Office of Technology Transfer – University of Michigan

Pediatric Sleep Questionnaire — Designed as Research Screen for Symptoms of Obstructive Sleep Apnea and Other Sleep Disorders in Children

Technology #3766

Sleep problems are common but usually undiagnosed among children. Although sleep laboratory-based polysomnography is a gold-standard in the diagnosis of some sleep disorders, considerable time, effort, and expense have limited relevant research. Moreover, in many settings when a screen for sleep problems is desired, a sleep physician or other specialist may not be available to see each individual. Although other questionnaires have been developed to assess for sleep problems in children, few published instruments have been designed to assess for a wide range of specific sleep disorder symptoms, as opposed to problematic sleep habits, behaviors, or problems.

Sleep Disorder Questionnaire Aimed At Screening, Detection, and Diagnosis In Children

Researchers at the University of Michigan have developed a parent-completed Pediatric Sleep Questionnaire (PSQ). This instrument contains two validated component scales, for sleep-related breathing disorders (SRBDs) such as obstructive sleep apnea, and for restless legs/periodic leg movements (RLS/PLMS). The SRBD scale in turn contains validated subscales for snoring, sleepiness, and daytime disruptive behavior (the latter based on DSM-IV symptoms for inattentive, hyperactive, and impulsive behavior). The PSQ, along with its embedded scales and subscales, can be used to help screen for symptoms of sleep disorders in clinical or epidemiological research when polysomnography is not feasible.

The PSQ or SRBD scale (with component snoring, sleepiness, and disruptive daytime behavior subscales) are available to license and use responsibly at no charge. Access to the SRBD scale scoring instructions and references are also made available online. Other portions of the full PSQ, aside from the SRBD and RLS/PLMS scales, may be informative in a qualitative manner and some have been used in published research, but they are not formally scored or validated at this time.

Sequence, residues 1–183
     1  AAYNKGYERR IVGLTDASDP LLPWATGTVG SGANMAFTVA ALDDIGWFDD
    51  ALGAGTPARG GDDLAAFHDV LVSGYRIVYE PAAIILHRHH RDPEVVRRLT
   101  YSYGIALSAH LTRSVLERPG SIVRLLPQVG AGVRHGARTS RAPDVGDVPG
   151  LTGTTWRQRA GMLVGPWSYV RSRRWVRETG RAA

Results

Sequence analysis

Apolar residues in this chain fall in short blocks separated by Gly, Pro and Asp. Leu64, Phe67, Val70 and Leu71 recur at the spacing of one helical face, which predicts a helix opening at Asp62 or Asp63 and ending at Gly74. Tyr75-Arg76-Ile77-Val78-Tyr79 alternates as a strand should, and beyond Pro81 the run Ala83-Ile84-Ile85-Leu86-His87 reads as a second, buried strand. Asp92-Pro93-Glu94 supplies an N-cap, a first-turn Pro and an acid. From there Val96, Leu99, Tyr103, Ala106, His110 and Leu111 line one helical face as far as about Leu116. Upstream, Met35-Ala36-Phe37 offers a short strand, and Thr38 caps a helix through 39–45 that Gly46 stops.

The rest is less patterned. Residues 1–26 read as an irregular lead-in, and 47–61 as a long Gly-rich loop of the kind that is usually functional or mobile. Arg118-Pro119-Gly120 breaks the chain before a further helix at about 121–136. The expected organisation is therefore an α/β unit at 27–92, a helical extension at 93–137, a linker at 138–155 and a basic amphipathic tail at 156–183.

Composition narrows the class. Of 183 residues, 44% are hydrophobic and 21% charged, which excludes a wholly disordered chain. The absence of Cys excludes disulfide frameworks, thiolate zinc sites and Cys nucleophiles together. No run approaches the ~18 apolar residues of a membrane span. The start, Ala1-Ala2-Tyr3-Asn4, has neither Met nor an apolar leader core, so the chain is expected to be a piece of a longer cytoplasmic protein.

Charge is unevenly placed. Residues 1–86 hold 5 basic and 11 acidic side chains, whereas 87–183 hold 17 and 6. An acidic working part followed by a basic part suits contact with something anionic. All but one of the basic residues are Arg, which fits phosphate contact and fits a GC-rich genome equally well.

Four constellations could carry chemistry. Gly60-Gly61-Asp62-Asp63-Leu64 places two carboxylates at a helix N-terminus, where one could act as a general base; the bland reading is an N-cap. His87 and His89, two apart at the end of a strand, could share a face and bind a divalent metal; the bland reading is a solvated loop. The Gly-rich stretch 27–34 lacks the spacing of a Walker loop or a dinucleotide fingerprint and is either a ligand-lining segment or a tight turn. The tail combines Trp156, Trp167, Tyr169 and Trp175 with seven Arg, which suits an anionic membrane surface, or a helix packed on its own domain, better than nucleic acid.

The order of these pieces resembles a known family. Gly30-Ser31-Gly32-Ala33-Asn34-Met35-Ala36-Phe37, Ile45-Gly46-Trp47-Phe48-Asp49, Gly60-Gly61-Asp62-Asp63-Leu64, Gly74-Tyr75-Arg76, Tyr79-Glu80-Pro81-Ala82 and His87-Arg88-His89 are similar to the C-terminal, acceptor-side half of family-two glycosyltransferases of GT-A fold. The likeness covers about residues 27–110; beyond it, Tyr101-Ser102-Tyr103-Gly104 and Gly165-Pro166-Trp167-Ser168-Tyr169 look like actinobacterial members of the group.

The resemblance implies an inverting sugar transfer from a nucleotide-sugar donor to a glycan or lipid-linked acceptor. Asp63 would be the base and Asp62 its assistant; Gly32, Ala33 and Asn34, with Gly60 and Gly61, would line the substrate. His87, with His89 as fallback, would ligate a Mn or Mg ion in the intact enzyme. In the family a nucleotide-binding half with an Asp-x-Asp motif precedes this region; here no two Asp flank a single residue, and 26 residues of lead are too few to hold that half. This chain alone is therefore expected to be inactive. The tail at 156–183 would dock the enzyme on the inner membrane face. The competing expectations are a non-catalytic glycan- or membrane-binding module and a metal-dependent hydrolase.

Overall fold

Some publications have suggested clinical utility for the PSQ and its components. However, neither these instruments nor others to our knowledge have been formally approved as a result of evidence-based medicine for application to the care of individual pediatric patients. Use of the PSQ and its components in such a manner can only be undertaken at the discretion and responsibility of the involved clinician.


  • Screening for symptoms of many pediatric sleep disorders, including sleep-related breathing disorders, such as obstructive sleep apnea, and periodic leg movements during sleep


  • Easy to implement
  • Free
  • May be useful in settings where polysomnography is not feasible
  • Widely used in published pediatric sleep research